“You don't mean she isn't going to wait till she hears from you to know whether it's convenient or not?”

“Now, Sophia,” Ellen said deprecatingly, “Ann Maria mentions you particularly in this very letter as one of the friends whom she hopes to see again.”

“That means she expects an invitation to tea.”

“She doesn't say so.”

“Of course she doesn't! Well, I will ask her to tea. I'll ask you and Ann Maria and Mrs. Sam Aldis Thursday afternoon. Come real early. I am willing to do all I can to help entertain her while she is in Exeter. Of course, if an Exeter woman, who has married and gone away, comes back to make a visit, we all owe it to her to make her stay pleasant. Let me see, the Anti-Gossip Club meets next week, and she used to be a member. You can take her to that.”

“Yes,” replied Ellen with a little unconscious bridle, remembering that she was president of the Anti-Gossip Club, and how glad she was that her new gown was finished. Then she added, “Well, I guess I must be going. If Ann Maria is coming to-morrow, I've got a good deal to do.”

“Don't work too hard,” Mrs. Ebenezer said, as her friend went out.

But Ellen Wise did work too hard, and when she went to bed she was too tired to sleep. She was glad when the room began to show the lights of dawn.

“I do hope it will be decided weather,” she said aloud. “I hope it will be either a pouring rain, or else broad sunlight, so I can tell exactly what to expect.” Ellen realized that it would be fairly tragic should she venture on such extravagance as roast beef, and her guest not arrive. After long deliberation she had decided that she must have a roast for dinner on the day of Mrs. Hazen's arrival. “I could have steak,” she reflected; “but I know what Ann Maria Hazen is, if she hasn't altered, and she would be sure to think beefsteak was dreadful snippy for a company dinner.”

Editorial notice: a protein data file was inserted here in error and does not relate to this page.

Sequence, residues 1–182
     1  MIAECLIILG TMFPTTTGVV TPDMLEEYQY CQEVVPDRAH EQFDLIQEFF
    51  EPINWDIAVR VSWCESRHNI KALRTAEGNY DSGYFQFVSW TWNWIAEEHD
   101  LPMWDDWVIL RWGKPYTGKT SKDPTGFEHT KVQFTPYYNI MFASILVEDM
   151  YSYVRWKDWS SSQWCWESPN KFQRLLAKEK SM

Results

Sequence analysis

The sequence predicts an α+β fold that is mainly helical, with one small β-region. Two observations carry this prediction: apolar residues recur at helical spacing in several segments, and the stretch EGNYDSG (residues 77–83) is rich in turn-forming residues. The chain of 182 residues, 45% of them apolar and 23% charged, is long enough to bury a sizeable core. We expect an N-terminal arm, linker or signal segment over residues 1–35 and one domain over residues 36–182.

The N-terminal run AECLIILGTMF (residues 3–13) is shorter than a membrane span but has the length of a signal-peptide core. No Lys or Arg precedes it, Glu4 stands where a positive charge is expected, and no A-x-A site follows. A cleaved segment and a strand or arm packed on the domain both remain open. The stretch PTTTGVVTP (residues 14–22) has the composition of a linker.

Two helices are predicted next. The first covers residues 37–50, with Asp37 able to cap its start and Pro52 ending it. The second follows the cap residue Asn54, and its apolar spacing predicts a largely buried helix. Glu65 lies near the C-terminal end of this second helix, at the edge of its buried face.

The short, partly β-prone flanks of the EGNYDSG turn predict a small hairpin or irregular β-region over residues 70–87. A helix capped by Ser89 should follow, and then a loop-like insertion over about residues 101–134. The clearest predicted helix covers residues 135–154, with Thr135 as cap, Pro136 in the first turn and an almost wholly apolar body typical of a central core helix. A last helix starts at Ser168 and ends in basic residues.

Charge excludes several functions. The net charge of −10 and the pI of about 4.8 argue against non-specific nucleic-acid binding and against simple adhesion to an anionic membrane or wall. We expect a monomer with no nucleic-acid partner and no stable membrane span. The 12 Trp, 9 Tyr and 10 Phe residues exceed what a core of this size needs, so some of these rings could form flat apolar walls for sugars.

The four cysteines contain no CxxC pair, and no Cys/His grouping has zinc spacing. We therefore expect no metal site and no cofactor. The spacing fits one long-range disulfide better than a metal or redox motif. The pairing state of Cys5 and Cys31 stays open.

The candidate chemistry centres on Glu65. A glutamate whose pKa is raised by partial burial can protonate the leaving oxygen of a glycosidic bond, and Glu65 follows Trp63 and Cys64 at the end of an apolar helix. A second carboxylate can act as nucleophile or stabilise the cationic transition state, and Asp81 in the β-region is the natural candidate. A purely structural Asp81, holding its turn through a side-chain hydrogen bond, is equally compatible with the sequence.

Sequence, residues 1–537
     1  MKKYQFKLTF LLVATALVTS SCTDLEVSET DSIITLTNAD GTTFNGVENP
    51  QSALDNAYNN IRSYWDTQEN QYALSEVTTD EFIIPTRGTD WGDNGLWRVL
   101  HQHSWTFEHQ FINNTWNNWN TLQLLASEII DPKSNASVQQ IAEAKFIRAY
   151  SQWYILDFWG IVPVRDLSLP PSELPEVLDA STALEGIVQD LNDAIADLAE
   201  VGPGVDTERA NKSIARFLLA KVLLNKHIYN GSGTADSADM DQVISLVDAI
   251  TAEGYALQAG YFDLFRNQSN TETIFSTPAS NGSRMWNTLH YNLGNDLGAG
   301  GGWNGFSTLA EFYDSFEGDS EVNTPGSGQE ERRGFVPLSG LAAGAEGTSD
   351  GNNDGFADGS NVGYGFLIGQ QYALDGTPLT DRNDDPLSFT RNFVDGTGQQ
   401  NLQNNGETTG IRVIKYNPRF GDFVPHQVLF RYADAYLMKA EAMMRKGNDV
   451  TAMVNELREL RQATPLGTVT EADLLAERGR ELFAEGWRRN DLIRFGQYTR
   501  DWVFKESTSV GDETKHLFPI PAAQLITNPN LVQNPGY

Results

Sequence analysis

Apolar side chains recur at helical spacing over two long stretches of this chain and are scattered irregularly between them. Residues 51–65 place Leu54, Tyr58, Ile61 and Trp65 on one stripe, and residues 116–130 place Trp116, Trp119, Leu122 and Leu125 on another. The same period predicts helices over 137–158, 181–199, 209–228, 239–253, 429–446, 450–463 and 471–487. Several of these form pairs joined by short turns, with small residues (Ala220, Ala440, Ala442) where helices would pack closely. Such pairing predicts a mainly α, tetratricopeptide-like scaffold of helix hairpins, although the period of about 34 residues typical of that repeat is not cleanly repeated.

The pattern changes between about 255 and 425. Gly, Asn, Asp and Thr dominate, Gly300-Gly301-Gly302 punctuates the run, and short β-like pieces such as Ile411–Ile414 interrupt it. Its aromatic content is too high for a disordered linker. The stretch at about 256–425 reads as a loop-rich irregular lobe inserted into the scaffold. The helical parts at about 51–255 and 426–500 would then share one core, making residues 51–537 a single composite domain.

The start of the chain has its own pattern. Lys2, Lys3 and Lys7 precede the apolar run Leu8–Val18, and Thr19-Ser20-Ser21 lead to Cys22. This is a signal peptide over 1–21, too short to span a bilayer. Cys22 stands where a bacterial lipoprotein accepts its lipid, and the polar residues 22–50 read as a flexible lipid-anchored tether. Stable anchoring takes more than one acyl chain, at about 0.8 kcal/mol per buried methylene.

Ellen was a hospitable soul; but hospitality must needs be an anxiety when one's income is infinitesimal. She considered anxiously the subject of the roast, as she peered out of the window, a little meager figure with its night dress trailing off sloping shoulders. The sky was a uniform gray blur against which the naked branches of the trees lopped motionless. Ellen sighed. “No human being can tell what it is going to do,” she said. “It may rain, or it may snow, or it may clear off.” She put on a gray wool gown, in which she looked like nothing so much as a delicate and originally pretty flower, drooping gently toward the pleasant things of life, which has met too many storms and winds, and has got its frail petals frayed and torn thereby.